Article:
Just-In-Time Learning

Insight provided by Morgan Kahn, originally published on April 13th, 2022.

Living in the “Information Age” comes with its challenges. During this time of immense innovation, information is constantly becoming obsolete and the development of technology has driven a cultural shift in how we consume information. While the digital revolution has provided society with an overabundance of information at our fingertips it also puts pressure on employees to know it all. The consequences of having “too much information” include individuals searching out excess information to a point of diminishing return and spreading themselves too thin by attempting to learn a little of everything. This state of incomplete understanding can be harmful to the decision-making process since individuals are not fully informed. This can occur when individuals explore a topic and only gain a superficial understanding but mistakenly assume they understand the entire concept. Information is a double-edged sword as it both supports and hinders decision-making within business. Thus, it is more crucial than ever to determine when your own knowledge is insufficient and to properly educate yourself to fill the identified holes.

Just-In-Time (JIT) learning theory is an ideal method to learn in this rapidly evolving, high volume world of information. JIT operates on the basis of sourcing information only when it is needed. The method starts with individuals identifying a gap in knowledge that prevents them from completing a task. Once a single learning objective is chosen, research is executed concisely in the desired area. This learning style implements targeted and timely research strategies and allows individuals to learn information when it is needed. The method was first introduced in coding boot camps and has since experienced exceptional growth and adoption. A recent study projected that JIT adoption among graduate students would increase at a rate of 138% in the coming years. Learning is often described as the key to success and JIT is a great way to reach your goals.

Continual learning is beneficial to both employers and employees. In fields like Venture Capital (VC) and angel investing it is almost essential since these groups rely making decisions based on the most current research. JIT strategy has tremendous potential to revolutionize the way these organizations learn. This type of learning within VC and angel investing is ideal as it conducts a timely and focused search for necessary information. Investors are constantly being introduced to companies that can use new technology, fall within an emerging market, and have unique go-to-market strategies. Typically, investors have an area of expertise but it is impossible to have a wide enough knowledge base within an ever changing and innovative field of private equity investment. A study found that within the typical timeframe of 83 days it takes to close a deal, an average of 118 hours are contributed to due diligence research. JIT learning theory provides an opportunity for individuals within VC to consume chunks of pertinent information for their projects that are understandable and enhances their knowledge. The acceptance of JIT strategy has immense potential to improve efficiency of research and increasing understanding, which inevitably would lead to more informed decision making and a higher potential return on investments.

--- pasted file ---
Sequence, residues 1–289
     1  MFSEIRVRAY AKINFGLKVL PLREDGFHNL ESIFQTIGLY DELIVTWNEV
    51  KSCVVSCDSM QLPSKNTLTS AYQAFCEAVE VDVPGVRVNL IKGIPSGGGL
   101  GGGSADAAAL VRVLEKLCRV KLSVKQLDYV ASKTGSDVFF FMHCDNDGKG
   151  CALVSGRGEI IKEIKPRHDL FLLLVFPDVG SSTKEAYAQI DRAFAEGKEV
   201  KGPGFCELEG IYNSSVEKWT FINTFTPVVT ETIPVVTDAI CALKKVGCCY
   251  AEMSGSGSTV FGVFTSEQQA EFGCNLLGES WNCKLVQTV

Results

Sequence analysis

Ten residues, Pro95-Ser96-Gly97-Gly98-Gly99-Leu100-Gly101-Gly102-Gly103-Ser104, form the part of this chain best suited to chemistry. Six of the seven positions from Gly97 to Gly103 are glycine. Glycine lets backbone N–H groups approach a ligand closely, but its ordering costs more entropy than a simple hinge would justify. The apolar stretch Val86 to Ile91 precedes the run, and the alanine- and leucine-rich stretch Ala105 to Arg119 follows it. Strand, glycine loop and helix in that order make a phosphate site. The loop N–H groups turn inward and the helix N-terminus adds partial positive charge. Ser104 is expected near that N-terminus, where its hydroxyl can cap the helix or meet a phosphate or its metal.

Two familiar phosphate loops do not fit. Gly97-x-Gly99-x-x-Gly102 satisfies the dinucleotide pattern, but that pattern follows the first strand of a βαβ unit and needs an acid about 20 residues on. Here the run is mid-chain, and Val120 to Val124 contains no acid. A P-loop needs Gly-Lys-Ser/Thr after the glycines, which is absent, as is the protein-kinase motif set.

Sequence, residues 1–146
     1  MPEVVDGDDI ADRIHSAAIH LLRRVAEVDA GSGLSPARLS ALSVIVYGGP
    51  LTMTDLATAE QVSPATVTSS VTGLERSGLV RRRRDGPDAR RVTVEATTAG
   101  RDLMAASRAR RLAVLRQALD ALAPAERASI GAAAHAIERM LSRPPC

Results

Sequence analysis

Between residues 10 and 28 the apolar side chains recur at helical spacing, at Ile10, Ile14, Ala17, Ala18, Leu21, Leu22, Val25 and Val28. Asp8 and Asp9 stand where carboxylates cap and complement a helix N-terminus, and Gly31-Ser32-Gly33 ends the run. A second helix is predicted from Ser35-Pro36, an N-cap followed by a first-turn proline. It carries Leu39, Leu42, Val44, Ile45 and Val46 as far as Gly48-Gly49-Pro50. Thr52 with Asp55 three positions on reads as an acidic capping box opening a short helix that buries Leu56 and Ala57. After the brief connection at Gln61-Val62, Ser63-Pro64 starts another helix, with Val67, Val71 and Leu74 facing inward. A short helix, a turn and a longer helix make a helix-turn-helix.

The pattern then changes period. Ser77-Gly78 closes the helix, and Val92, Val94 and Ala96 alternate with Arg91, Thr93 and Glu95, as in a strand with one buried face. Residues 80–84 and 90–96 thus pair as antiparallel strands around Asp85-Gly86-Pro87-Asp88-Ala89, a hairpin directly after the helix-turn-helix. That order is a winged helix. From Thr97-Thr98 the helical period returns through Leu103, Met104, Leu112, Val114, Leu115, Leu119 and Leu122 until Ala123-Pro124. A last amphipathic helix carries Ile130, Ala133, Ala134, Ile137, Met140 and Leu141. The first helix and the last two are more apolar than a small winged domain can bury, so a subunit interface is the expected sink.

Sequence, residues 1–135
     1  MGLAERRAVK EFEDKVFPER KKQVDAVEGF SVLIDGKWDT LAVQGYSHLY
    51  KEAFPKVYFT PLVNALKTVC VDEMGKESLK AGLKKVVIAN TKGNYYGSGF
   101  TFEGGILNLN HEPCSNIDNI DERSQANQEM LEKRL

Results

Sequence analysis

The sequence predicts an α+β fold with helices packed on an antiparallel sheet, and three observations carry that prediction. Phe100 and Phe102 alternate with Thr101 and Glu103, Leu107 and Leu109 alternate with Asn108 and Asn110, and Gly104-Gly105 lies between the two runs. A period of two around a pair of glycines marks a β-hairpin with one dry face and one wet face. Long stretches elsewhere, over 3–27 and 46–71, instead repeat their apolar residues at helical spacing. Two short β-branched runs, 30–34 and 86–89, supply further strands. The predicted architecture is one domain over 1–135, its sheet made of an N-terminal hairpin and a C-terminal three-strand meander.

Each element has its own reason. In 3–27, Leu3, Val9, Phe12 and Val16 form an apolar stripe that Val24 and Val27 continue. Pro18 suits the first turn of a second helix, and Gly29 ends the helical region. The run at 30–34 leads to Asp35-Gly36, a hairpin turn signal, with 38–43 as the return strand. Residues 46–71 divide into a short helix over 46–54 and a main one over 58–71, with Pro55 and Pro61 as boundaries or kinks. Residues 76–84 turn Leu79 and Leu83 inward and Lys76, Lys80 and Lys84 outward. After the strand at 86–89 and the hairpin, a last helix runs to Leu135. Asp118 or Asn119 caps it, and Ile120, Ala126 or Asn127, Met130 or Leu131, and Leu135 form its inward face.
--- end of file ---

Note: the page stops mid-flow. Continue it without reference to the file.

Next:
Sources:

https://www.wired.com/insights/2014/06/beyond-information-age/

https://elearningindustry.com/jit-learning-leads-learning-effectiveness

https://www.forbes.com/sites/ryancraig/2015/07/14/the-just-in-time-education-revolution/?sh=63bd856a46c7

https://hbr.org/2021/03/how-venture-capitalists-make-decisions#:~:text=A%20typical%20deal%20takes%2083,analysis%20techniques%20to%20assess%20deals

Thank you for reading this insight written by Morgan Kahn, an Associate in the Mel Rines Angel Investment Fund. To learn more about The Fund, please visit https://www.rinesfund.com/

Morgan is a sophomore from Lee, NH who is pursuing a major in Business Administration. She is an active member of UNH’s professional business fraternity, Alpha Kappa Psi. Presently, she works at the InterOperability Lab (IOL) at UNH as a test technician for NVMe SSDs. There she has been able to expand her knowledge of different forms of technology and network with companies worldwide. At the IOL, Morgan leads the weekly testing, communicates with vendors about status updates, coordinates reservations, and executes device bug fixes. Morgan is excited to start her first semester in the Fund so she can further her understanding of successful startups and promote the entrepreneurial spirit by working alongside other talented individuals.

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Rines Angel Fund

Rines Angel Fund

We are a seed-stage venture Fund backing exceptional New England entrepreneurs.

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